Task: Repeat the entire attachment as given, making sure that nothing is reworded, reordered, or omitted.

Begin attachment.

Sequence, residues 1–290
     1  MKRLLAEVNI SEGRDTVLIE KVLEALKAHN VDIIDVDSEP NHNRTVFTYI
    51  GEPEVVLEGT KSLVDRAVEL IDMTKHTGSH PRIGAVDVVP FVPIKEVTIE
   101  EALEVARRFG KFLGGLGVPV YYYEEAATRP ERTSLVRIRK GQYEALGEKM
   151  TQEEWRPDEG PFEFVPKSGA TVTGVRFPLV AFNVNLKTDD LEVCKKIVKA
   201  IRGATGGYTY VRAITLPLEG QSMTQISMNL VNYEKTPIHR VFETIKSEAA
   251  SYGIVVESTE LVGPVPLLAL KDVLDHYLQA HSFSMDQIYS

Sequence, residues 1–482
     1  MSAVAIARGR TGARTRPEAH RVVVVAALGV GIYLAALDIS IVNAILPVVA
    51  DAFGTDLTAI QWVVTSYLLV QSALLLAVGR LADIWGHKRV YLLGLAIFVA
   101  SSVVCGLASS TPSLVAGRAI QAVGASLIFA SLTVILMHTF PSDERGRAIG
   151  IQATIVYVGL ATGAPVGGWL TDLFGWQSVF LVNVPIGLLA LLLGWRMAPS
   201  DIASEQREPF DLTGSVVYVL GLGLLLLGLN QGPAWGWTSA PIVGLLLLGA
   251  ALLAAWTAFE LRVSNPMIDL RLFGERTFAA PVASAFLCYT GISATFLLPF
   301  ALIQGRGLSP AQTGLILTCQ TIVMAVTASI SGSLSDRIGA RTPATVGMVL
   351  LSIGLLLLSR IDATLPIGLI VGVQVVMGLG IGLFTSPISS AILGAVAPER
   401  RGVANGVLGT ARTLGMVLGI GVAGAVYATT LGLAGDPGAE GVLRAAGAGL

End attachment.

Sequence, residues 1–290
     1  MKRLLAEVNI SEGRDTVLIE KVLEALKAHN VDIIDVDSEP NHNRTVFTYI
    51  GEPEVVLEGT KSLVDRAVEL IDMTKHTGSH PRIGAVDVVP FVPIKEVTIE
   101  EALEVARRFG KFLGGLGVPV YYYEEAATRP ERTSLVRIRK GQYEALGEKM
   151  TQEEWRPDEG PFEFVPKSGA TVTGVRFPLV AFNVNLKTDD LEVCKKIVKA
   201  IRGATGGYTY VRAITLPLEG QSMTQISMNL VNYEKTPIHR VFETIKSEAA
   251  SYGIVVESTE LVGPVPLLAL KDVLDHYLQA HSFSMDQIYS

Sequence, residues 1–482
     1  MSAVAIARGR TGARTRPEAH RVVVVAALGV GIYLAALDIS IVNAILPVVA
    51  DAFGTDLTAI QWVVTSYLLV QSALLLAVGR LADIWGHKRV YLLGLAIFVA
   101  SSVVCGLASS TPSLVAGRAI QAVGASLIFA SLTVILMHTF PSDERGRAIG
   151  IQATIVYVGL ATGAPVGGWL TDLFGWQSVF LVNVPIGLLA LLLGWRMAPS
   201  DIASEQREPF DLTGSVVYVL GLGLLLLGLN QGPAWGWTSA PIVGLLLLGA
   251  ALLAAWTAFE LRVSNPMIDL RLFGERTFAA PVASAFLCYT GISATFLLPF
   301  ALIQGRGLSP AQTGLILTCQ TIVMAVTASI SGSLSDRIGA RTPATVGMVL
   351  LSIGLLLLSR IDATLPIGLI VGVQVVMGLG IGLFTSPISS AILGAVAPER
   401  RGVANGVLGT ARTLGMVLGI GVAGAVYATT LGLAGDPGAE GVLRAAGAGL